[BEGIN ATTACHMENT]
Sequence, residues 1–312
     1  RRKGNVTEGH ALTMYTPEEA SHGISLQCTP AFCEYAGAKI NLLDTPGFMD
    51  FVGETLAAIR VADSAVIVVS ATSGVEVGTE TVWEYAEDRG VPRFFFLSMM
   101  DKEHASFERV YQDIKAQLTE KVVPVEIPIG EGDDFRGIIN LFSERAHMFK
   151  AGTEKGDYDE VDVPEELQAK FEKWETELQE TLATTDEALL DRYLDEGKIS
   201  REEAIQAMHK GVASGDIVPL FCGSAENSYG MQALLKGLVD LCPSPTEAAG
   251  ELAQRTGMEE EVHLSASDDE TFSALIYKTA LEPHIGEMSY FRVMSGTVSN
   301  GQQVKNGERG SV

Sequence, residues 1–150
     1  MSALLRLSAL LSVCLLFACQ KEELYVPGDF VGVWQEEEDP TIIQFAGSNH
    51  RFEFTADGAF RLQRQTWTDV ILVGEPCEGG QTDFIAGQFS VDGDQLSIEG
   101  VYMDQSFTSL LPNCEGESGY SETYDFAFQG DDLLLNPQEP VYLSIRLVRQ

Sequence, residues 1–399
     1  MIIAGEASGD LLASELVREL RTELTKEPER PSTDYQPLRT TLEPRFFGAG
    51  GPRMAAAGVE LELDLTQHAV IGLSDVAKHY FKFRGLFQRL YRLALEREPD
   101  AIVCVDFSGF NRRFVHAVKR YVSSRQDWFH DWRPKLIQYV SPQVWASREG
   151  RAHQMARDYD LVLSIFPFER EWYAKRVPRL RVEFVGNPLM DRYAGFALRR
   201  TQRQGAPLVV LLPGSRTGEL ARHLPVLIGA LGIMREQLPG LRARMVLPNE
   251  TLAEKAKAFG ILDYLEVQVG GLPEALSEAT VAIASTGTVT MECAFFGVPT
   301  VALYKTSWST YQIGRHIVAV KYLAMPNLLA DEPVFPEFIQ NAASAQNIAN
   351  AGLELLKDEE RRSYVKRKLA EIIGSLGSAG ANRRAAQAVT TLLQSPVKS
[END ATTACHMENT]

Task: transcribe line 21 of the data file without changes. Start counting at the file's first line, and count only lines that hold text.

   351  AGLELLKDEE RRSYVKRKLA EIIGSLGSAG ANRRAAQAVT TLLQSPVKS